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Hoffman and Nolte Share Their 'Luck'
January 17, 2012  | By Bill Brioux
HBO really turned on the star power Friday at press tour. Not only were Ricky Gervais and Stephen Merchant in the house, but the premium cable network also had panels featuring Julianne Moore, Woody Harrelson and Ed Harris (from the upcoming Sarah Palin movie Game Change), Nicole Kidman and Clive Owen (from Hemingway & Gellhorn, debuting in May), and Julia Louis-Dreyfus (the political comedy VEEP, starting April 22).

The biggest draw, however, was the dynamic duo of Dustin Hoffman and Nick Nolte. The two headline Luck, a nine-episode drama about gambling and horse racing, set at a racetrack and debuting on HBO Jan. 29. Director Michael Mann and creator David Milch also sat before critics.

Any one of them would be a pretty good session, but all four at once was press tour gold. Nolte had an Indiana Jones fedora pulled down to his eyes. He growls more than talks. He sounds like he gargles with razor blades. He had crusty and surly for breakfast.


Somebody asked Hoffman if he understood all the track lingo in the pilot. Snarled Nolte, "You guys understand everything that's going on in your life?"

Milch in particular is a critics favorite. He never talks down to us or his audience. But this day belonged to Hoffman and Nolte.

Things got fun when veteran critic Ed Bark started to gently ask Hoffman how this production went given his rep for being, uh, "a guy who likes to make suggestions -- "

Don't be so diplomatic, said Hoffman.

"You're known as being difficult to work with," Bark ventured.

"Now you can just say, 'a prick.'"

"I'm going to get this on the transcript," said Uncle Barky. "You're known for being a prick."

Playful Hoffman still wanted clarification. "In other words, Nick's not -- "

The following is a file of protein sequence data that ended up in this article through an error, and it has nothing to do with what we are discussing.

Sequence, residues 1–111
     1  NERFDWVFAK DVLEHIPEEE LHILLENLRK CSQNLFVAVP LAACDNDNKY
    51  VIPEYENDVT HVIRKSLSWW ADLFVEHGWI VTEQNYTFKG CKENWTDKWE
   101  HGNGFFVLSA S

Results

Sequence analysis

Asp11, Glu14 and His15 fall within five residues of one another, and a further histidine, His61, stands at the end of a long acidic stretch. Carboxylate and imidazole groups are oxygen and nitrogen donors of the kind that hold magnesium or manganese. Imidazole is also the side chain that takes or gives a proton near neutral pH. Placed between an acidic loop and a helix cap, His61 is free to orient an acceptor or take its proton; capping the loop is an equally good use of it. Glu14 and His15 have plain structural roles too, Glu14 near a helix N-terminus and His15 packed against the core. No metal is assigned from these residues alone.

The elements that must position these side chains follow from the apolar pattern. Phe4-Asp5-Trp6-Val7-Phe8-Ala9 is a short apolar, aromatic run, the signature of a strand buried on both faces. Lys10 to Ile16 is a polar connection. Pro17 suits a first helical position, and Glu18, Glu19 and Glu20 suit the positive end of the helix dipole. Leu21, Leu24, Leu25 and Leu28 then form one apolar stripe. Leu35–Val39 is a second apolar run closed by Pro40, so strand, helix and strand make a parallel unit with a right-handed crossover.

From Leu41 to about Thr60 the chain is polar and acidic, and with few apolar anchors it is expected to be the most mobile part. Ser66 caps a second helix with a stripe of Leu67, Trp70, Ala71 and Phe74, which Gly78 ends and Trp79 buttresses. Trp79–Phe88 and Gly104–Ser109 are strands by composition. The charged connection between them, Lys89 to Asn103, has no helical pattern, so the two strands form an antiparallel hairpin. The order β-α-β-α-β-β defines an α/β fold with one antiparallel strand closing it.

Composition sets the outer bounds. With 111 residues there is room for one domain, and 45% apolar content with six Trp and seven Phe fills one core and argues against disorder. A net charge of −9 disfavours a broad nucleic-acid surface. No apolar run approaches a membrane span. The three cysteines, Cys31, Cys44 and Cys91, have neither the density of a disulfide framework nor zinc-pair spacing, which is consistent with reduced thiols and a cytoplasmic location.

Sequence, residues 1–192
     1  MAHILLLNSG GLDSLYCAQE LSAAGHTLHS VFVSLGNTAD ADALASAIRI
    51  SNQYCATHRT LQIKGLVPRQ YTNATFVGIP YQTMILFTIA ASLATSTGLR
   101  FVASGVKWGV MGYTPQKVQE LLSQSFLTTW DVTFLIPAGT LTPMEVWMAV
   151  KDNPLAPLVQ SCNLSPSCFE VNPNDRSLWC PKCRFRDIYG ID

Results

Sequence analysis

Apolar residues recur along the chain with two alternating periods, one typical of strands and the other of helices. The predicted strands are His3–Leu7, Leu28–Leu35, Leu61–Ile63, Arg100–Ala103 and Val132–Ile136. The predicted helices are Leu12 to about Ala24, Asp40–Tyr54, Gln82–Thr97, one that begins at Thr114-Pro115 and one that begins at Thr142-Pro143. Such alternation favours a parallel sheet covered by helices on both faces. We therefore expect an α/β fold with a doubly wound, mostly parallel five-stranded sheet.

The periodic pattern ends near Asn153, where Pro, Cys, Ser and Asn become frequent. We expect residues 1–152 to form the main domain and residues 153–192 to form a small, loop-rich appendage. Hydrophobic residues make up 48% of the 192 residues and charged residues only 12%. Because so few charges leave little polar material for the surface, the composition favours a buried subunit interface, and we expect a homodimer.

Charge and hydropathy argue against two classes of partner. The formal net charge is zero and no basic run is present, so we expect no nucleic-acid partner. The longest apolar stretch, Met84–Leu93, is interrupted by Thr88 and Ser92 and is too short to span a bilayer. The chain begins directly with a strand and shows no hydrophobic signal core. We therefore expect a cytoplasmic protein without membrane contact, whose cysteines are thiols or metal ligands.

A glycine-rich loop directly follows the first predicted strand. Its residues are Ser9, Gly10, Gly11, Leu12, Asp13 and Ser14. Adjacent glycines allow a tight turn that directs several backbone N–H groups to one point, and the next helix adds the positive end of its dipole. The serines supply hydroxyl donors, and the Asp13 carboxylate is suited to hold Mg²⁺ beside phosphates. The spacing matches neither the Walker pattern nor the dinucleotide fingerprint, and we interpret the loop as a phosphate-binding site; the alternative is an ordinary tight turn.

"Well," says Bark, "Nick is known as a difficult person, too."

Pipes up Nolte: "Or certainly hard to communicate with when he looks like he does in mug shots."

Nolte's 2002 mug shot, in case you haven't seen it, is epic.


Bark's prodding, as it usually does, led to a great story.

Hoffman relayed a bit of advice he once got from Anthony Hopkins, who told him exactly what to do if you don't get along with a director. "Never raise your voice," Hopkins told him. "Never have a fight. On a soundstage, make sure . . . you're shooting on the ground floor. When it gets to that point, you say, 'Excuse me. I have to go to the bathroom.' You've checked the bathroom out before. It has a window. You go in the bathroom. You lock the door. You climb out the window. You go home. You come back the next day. There's no argument anymore."

The story seemed to lurch Nolte back to life. "That is true," he said, "because I did that a couple of times."

He then shared a story about the time Debra Winger gave him a hard time on the set of 1982's Cannery Row. She ratted Nolte out to director David S. Ward, complaining Nolte wasn't giving his all. The director took Nolte to dinner and chewed him out for slacking off. "You just don't give you're just irresponsible," Nolte was told. The actor picked up a plate full of spaghetti and smushed it all over his own face. "David didn't know what to do with that," he said.

Winger complained again later, this time that Nolte wasn't throwing himself enough into a dance. Again there was a restaurant meeting, only this time Nolte excused himself, went to the bathroom, and slipped out the window.

Hoffman was not to be topped. He then told a story about the great Sid Caesar. "People old enough to know who Sid Caesar is?" he asked. Many of us said yes.


Back in his live TV days, the great comic was also a famous pain in the ass. "He was getting really nuts," said Hoffman, "and the producer took him out to lunch. Caesar asked, 'What am I here for?' The producer said, 'Because you've been acting crazy.'"

Caesar stood up, grabbed a huge plate of spaghetti, and dumped it on his own head. "He then got up, went to the bar and cleared it of everything that was on it, turning over every fucking thing in the restaurant," said Hoffman.

Caesar came back, sat down, looked at the menu very quietly and said, "That's crazy."

These guys had a thousand other stories in them, but HBO suddenly shut the session down, not because they wanted to, but because the geniuses who run the cable portion of the tour had crammed eleventy-billion sessions into the day. Exit Hoffman, Milch, Mann and Nolte; enter two dudes from Discovery who build fish tanks for a living.

The tank dudes got more stage time. Where was that spaghetti waiter when we needed him?

Fortunately, Hoffman was very generous in the after-scrum, spinning more stories for a solid 15 minutes. More on that in a later post.

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